Among major Asian cultures, the notion of face (nha in Thai) and saving face (raksa nha) is a very sensitive subject. For some, their “face” is paramount, something never to be messed with. As a Thai custom, since we all have a face, whether it be a transparent one or a public persona that one projects, we should try to keep each other’s face and reputation intact and all things in harmony.
Most Thais can get easily embarrassed. We live in a society with a happy-go-lucky characteristic. We tend to smile and to make fun or joke about things all the time. Our sense of humour and joie-de-vivre, sanuk, has never left us even though we have gone through thick and thin during these difficult times. To avoid conflicts and confrontations and to maintain good relationships, making someone publicly embarrassed – sia nha or nha dtaek – to lose or break someone’s face in Thai, is not a common thing unless it is necessary.
Losing face can be as insignificant as khaiy nha – selling face – or as tremendous as nha dtaek – breaking face. Mishaps, faux pas, or simple slip-ups can cause embarrassment or unease, while indiscretion, disclosure of secrets, or downright criticism can lead to humiliation and disgrace. One should have some safeguards for these challenging social situations.
So, in our society, we can have different personae and guises. This is what the Thais call saum hua Khon or wearing a Khon mask. Khon comes in various styles of classical mask dances in which the dancers, especially the demons and the simians, wear masks to assume a role. Even Thosakan (10-faced demon or Ravana from Ramayana) has more than one mask. Besides the normal green mask, he would wear a gold one to court and charm Sita (Rama’s wife). So let alone a demon, a human wears more masks than a PR company can keep track.
I have a personal example that saving and losing face can be a double-edged sword. A friend of ours did something seriously wrong to our group. Then he was caught red-handed with witnesses and evidences but denied responsibility. One of our mutual friends decided to chastise him face-to-face but the malefactor still kept his face without coming clean. He denied his offences and insisted it was all misunderstood. He could either own up to his faults or apologise to everyone. But he still refused. So this is where some of my friends and I drew the line. His face was shattered but his skin is tougher than a rhinoceros hide. This behaviour is called nha daan (tough-faced).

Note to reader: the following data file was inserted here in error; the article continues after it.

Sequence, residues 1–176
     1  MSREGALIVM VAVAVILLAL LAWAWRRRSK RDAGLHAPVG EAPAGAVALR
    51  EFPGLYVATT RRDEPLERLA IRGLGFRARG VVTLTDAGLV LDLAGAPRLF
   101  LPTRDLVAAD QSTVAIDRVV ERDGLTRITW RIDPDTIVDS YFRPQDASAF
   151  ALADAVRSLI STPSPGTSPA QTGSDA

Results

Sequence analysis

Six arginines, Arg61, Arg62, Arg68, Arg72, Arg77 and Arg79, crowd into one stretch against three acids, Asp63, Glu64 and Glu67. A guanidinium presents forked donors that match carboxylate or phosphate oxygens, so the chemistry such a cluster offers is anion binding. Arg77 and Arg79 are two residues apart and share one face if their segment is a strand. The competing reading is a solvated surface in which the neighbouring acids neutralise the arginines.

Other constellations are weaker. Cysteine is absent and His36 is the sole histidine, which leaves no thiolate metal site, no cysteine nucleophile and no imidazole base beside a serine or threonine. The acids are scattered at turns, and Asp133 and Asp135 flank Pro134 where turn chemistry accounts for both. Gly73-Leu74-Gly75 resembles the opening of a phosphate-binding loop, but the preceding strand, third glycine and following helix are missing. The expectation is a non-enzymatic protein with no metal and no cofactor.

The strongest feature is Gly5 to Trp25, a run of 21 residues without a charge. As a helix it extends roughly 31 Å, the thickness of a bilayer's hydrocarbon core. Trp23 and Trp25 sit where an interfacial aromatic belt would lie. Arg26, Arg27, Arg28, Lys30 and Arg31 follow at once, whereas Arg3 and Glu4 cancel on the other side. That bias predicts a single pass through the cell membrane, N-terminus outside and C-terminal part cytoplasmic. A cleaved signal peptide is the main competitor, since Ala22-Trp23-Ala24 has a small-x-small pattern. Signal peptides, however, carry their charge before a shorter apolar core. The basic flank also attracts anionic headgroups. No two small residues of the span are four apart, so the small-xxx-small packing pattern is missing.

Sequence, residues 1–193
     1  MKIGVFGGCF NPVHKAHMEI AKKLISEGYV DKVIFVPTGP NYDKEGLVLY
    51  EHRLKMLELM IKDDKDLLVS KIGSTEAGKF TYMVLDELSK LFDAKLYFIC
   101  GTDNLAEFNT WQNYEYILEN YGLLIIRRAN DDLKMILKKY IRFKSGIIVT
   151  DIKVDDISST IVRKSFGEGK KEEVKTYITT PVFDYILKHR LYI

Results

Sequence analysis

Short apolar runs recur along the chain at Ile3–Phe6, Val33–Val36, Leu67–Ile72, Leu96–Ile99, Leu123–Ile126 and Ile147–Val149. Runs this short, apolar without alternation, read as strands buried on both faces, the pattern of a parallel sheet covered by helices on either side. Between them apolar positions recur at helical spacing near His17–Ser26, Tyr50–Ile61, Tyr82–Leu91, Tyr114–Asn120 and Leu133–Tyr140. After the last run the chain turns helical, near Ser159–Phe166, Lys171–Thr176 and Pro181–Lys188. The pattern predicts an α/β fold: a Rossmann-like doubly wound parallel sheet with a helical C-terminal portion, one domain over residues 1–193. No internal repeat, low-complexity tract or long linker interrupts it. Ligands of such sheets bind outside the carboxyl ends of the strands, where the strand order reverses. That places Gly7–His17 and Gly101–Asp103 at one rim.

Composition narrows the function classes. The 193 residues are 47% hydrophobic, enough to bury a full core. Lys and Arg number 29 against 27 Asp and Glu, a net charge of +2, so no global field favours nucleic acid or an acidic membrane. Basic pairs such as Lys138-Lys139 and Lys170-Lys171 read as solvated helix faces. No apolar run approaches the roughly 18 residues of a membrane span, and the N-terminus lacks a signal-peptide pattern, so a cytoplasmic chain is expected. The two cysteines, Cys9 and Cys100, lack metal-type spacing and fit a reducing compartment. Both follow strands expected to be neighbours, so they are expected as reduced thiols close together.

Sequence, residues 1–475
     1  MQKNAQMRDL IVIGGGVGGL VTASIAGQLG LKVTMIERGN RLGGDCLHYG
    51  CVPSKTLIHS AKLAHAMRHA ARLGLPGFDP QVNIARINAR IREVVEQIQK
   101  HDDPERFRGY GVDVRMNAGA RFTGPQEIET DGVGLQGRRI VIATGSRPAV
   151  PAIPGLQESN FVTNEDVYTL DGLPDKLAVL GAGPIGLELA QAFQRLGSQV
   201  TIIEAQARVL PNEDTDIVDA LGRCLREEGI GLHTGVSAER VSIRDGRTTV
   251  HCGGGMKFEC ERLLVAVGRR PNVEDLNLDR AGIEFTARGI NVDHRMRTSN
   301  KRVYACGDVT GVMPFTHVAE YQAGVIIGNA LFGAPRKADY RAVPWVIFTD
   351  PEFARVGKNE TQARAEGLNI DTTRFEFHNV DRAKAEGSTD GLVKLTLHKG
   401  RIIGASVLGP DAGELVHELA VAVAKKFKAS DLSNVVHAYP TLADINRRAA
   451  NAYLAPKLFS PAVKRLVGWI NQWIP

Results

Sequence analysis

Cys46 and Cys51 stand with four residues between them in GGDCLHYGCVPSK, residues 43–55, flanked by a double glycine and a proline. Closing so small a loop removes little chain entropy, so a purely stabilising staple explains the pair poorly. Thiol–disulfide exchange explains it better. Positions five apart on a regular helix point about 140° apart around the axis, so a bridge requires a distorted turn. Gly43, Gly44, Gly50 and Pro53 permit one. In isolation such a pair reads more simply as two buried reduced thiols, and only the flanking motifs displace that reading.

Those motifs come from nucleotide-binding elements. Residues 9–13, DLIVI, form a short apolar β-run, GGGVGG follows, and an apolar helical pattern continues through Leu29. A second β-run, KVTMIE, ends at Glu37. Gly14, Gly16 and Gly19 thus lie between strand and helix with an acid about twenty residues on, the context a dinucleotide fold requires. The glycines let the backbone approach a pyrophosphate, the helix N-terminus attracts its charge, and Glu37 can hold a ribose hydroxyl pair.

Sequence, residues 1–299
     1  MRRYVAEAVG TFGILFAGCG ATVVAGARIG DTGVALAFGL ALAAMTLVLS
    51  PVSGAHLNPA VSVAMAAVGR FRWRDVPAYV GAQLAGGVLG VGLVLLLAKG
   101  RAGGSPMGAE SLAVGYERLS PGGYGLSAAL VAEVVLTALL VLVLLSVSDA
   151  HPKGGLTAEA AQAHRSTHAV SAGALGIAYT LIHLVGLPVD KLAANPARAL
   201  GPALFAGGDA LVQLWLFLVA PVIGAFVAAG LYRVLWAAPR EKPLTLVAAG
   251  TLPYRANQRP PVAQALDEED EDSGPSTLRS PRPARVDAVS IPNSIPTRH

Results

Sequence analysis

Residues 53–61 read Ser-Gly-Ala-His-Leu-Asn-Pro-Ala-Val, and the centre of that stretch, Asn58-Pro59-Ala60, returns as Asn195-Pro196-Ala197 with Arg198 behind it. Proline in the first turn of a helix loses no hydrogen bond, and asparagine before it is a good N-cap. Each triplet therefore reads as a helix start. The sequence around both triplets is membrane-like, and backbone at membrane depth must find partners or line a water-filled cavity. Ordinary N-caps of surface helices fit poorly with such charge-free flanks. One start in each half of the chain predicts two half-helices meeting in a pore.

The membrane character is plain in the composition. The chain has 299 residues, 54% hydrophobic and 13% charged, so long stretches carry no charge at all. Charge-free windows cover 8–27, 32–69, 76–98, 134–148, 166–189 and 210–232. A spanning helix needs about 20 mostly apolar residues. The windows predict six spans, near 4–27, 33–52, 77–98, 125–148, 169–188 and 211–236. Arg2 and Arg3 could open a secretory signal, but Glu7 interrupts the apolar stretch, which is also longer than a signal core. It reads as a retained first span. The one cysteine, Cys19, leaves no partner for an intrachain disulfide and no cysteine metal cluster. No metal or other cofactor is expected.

I let things cool off for a while and waited my turn to reprimand him. I chose the face-off du jour, the social network. I posted a story about what happened without naming the culprit but most of our close friends would know the situation. Some agreed to what I did while some took a different side. I made the rogue lose face and, in return, I also lost mine. I became the villain because some friends thought that I was too harsh and the wrongdoer shouldn’t have been publicly exposed like that. So how do we go on pretending that nothing had happened? How many more masks do we put on?
Consequentially, the offender felt ashamed but his ego or his face was too big to face the truth. Lies and white lies get told every second just to save someone’s face and feelings. Aren’t we strong enough to handle the truth? Where has honesty and integrity gone? If this friend still had any dignity and self-respect to admit his guilt, then I would be more forgiving. If not, he got what he deserves. Face is about Karma after all. Casting the masks aside, if one wears one’s face well, a nice reflection will shine through.
Buddhism encourages people to be truthful and to to value substance rather than superficial things. The religion does not abide face-saving but wakes us up to reality, our true nature. Facing the truth shows acute selfawareness. It results in good self-esteem, respect, and honour. Personae and masks are illusions that one builds as one’s façade. After all, a mirror has two faces. Why not trying to look inward and view your true self? Most of us still live with desire and self-interest. Our face has become our image. Visual sense strongly overpowers spiritual mindfulness. In these times, name, fame, and recognition seem to help efface all our sins.
Nonetheless, as Dorothy Parker said: “Beauty is only skin deep and ugly goes clean to the bone.” After an era of excessive face-protecting, we should face forward to the new age of consideration of our true self and not our face.